Fear Of Falling?

Fear Of Falling?

Monday’s Column: Neal At The Cross

It is commonly cited that human beings are only born with two fears–the fear of loud sounds and the fear of falling. These are called “innate fears” (Chaoran and Quin, nih.gov). An interesting word is found ten times in the New Testament. The word has a range of meanings, including to fall from some point to another, to be blown off course and run aground, to change from better to worse, or become inadequate for some function (BDAG, 308). The word is used three times in Acts 27 in the nautical sense, describing Paul’s ship running aground. It is used two other times in Acts to speak of something falling off, either Peter’s chains (12:7) or the ship’s ropes (27:32). Two times in the epistles, the word is used of flowers falling off (Jas. 1:11; 1 Pet. 1:24). Once, Paul says that God’s word has not, will not, and cannot become inadequate (Rom. 9:6). 

The other two occurrences, Galatians 5:4 and 2 Peter 3:17, speak of a possibility of another type of falling and failing. Paul mentions “falling from grace” and Peter “falling from your own steadfastness.” This is a synonymous idea. 

Paul tells the Galatians that they were free (Gal. 5:1). By faith, they had hope (Gal. 5:5) and they were running well (Gal. 5:7). But they were allowing themselves to be enslaved (Gal. 5:1), under obligation (Gal. 5:3), hindered (Gal. 5:7), and the like. In verse four, Paul says, “You have been severed from Christ, you who are seeking to be justified by law; you have fallen from grace.” In their case, the temptation was trying to be saved by something other than the sacrifice of Christ. Such an effort led them to fall from grace.

Peter tells his audience to live holy, godly lives (2 Pet. 3:11) anticipating Christ’s return (2 Pet. 3:12). Christ is coming again and this earth and universe will be burned up (2 Pet. 3:10). We look for new heavens and a new earth (2 Pet. 3:13), seeking to be found by Him in peace, spotless and blameless (2 Pet. 3:14) and growing in grace and knowledge (2 Pet. 3:18). However, if we are susceptible to those who distort the truth (2 Pet. 3:16), we could be carried away by unprincipled men and “fall from [our] own steadfastness” (2 Pet. 3:17).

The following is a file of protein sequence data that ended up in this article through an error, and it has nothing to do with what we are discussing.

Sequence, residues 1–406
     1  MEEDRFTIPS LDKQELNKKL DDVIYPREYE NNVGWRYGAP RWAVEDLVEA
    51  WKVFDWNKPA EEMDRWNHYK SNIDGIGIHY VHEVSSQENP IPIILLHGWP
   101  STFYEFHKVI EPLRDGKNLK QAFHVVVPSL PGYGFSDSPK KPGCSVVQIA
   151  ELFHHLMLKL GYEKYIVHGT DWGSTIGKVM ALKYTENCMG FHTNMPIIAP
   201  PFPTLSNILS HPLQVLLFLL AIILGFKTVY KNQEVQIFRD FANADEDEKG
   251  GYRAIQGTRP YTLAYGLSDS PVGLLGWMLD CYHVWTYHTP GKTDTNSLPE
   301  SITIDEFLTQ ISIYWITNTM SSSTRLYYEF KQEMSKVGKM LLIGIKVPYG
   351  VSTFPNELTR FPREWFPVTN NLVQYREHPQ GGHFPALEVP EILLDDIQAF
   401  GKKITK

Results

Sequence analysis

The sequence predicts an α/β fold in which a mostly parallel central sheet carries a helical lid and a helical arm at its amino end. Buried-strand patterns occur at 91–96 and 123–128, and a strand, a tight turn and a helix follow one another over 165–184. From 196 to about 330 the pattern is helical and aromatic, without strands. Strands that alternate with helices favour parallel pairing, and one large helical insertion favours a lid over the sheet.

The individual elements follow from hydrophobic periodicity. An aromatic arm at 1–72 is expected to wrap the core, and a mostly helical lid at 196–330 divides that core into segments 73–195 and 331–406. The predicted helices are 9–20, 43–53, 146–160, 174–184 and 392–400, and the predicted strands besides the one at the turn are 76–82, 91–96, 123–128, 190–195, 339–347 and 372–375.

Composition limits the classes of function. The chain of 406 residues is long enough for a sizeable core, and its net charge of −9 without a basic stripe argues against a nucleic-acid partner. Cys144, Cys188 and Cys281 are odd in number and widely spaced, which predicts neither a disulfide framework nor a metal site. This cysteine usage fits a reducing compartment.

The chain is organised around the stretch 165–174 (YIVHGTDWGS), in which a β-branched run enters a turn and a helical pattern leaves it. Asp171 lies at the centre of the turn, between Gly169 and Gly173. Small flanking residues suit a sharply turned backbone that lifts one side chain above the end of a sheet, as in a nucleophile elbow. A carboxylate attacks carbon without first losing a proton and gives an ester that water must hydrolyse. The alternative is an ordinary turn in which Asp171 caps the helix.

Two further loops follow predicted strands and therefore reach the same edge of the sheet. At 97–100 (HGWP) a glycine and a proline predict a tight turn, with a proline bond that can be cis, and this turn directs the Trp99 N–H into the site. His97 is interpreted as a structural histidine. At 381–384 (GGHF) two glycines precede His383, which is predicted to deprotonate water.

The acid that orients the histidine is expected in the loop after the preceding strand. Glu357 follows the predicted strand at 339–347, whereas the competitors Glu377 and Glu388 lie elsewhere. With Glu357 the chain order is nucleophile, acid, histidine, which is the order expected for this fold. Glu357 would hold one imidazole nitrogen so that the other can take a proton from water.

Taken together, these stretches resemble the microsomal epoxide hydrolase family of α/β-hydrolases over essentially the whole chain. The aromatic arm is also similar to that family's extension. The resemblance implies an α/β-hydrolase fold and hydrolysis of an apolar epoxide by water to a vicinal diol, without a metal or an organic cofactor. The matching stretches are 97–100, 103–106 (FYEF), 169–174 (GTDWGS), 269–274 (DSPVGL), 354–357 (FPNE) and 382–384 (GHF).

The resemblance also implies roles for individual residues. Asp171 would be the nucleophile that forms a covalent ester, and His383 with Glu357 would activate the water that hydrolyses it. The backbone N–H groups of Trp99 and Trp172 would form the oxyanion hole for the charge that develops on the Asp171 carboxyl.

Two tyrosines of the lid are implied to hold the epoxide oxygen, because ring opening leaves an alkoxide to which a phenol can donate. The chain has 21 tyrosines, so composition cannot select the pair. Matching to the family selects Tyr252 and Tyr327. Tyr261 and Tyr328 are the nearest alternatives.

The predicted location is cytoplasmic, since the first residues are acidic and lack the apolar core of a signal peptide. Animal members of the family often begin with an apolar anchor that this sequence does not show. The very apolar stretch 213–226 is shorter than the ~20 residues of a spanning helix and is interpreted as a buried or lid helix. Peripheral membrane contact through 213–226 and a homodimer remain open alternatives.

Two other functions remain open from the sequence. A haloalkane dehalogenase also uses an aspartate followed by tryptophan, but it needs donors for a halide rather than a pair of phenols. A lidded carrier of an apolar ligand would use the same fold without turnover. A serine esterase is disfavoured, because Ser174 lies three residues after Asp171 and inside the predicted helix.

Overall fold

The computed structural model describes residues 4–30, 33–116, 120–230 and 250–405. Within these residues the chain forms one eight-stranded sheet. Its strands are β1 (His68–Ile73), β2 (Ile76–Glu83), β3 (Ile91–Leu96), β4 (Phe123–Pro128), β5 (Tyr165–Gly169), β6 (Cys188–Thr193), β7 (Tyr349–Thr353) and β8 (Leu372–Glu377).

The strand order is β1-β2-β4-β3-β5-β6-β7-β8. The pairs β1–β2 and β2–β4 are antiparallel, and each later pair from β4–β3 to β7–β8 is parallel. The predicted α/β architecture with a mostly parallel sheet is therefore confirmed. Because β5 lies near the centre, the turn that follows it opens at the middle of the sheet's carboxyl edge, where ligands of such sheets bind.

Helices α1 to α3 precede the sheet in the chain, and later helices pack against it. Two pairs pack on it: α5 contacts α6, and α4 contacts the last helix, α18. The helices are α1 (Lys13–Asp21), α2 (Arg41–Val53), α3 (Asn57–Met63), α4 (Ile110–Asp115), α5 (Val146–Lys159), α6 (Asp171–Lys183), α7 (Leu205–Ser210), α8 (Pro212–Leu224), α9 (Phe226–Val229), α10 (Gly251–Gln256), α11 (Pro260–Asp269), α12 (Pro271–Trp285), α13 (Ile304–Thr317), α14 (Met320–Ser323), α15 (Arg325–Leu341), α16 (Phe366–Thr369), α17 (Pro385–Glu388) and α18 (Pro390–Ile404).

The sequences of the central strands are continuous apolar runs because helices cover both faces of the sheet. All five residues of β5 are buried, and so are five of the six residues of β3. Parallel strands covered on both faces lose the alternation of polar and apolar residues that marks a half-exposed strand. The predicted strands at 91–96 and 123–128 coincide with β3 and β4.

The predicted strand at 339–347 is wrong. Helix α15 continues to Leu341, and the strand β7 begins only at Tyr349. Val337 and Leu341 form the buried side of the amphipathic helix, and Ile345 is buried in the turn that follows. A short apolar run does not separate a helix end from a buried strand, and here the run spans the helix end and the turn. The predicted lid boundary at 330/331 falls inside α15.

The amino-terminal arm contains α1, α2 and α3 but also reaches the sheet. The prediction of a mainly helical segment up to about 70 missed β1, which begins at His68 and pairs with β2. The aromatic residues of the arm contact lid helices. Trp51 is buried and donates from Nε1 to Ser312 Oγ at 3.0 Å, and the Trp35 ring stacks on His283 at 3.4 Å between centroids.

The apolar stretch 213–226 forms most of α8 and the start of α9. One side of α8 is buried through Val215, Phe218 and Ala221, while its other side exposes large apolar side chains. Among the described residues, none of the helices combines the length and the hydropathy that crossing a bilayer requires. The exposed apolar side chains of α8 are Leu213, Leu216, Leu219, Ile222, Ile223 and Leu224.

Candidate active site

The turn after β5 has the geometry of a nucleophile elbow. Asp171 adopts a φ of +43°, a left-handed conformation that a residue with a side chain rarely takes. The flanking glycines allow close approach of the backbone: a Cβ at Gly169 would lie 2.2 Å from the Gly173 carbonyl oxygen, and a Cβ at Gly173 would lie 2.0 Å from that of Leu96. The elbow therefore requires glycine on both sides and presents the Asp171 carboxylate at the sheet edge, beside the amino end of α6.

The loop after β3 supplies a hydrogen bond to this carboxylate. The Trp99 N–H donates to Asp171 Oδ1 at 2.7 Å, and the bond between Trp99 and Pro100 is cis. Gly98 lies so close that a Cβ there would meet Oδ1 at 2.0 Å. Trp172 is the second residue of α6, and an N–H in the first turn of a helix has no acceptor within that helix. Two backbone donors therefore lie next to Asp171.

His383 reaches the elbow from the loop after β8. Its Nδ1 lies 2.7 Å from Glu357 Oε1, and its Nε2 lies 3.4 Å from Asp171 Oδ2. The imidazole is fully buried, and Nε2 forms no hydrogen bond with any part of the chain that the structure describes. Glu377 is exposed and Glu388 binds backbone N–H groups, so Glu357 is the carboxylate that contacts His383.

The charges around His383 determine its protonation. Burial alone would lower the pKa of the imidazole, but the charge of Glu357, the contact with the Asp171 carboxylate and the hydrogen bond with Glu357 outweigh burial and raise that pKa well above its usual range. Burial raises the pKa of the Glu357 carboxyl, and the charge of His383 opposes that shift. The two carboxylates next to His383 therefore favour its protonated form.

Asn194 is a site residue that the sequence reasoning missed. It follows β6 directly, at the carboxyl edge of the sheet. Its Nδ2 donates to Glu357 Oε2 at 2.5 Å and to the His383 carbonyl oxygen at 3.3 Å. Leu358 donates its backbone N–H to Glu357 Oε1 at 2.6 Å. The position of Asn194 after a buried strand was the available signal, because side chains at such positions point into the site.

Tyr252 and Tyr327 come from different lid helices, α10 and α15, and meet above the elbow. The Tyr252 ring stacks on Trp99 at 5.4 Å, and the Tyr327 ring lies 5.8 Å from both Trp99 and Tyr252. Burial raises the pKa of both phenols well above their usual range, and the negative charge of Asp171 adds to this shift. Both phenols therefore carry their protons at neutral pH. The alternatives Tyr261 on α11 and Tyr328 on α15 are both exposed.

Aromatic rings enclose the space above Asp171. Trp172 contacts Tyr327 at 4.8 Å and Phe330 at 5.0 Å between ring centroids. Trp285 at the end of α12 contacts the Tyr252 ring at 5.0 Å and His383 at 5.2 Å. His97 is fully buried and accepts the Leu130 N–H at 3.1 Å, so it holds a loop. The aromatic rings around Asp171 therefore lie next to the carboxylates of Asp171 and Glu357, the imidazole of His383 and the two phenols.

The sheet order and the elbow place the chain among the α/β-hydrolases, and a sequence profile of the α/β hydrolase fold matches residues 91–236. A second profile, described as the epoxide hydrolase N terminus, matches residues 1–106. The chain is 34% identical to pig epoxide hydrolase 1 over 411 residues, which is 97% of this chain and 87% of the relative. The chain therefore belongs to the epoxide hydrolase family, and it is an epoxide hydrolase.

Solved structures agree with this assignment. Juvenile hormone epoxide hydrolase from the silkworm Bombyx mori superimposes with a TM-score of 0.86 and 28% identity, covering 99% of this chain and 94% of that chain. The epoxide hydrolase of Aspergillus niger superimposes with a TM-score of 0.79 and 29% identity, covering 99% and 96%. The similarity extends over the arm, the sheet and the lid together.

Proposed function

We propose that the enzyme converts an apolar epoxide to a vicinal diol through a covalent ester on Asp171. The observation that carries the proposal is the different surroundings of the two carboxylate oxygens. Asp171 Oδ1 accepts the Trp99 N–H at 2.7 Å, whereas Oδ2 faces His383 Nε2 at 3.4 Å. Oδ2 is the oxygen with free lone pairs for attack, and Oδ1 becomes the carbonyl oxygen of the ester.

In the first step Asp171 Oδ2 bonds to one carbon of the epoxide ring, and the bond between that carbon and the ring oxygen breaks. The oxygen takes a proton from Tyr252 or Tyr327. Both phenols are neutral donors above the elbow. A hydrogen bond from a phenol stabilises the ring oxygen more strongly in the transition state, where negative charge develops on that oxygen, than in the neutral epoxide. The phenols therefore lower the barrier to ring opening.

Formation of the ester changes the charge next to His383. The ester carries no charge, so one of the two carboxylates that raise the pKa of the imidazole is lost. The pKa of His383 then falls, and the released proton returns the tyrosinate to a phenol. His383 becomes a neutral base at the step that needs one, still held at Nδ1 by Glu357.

In these two passages, these apostles are trying to instill a healthy fear of falling into these Christians. No, they did not want them cowering in fear and ever uncertain about their spiritual condition. They wanted them to reject false ideas and teachings that would lead them to fall from steadfastness and grace to instability and condemnation (cf. 1 Tim. 3:6). They did not want them blown off spiritual course and shipwreck their faith (cf. 1 Tim. 1:19). They did not want them to change from saved to lost (cf. 2 Pet. 2:20). They did not want them disqualified from their spiritual inheritance (cf. 1 Cor. 9:27). 

The fear of falling that is so natural to a child should live inside of us to keep us from venturing beyond the bounds of spiritual safety. It should also drive us deeper into the loving arms of divine protection. Jesus makes a beautiful statement that eliminates fear of falling if it keeps us trusting in God’s guiding hand. Jesus wrote, “And I give eternal life to them, and they will never perish; and no one will snatch them out of My hand. My Father, who has given them to Me, is greater than all; and no one is able to snatch them out of the Father’s hand” (John 10:28-29). What safer place is there? Let’s stay in His hand and eliminate the fear of falling! 

Neal Pollard

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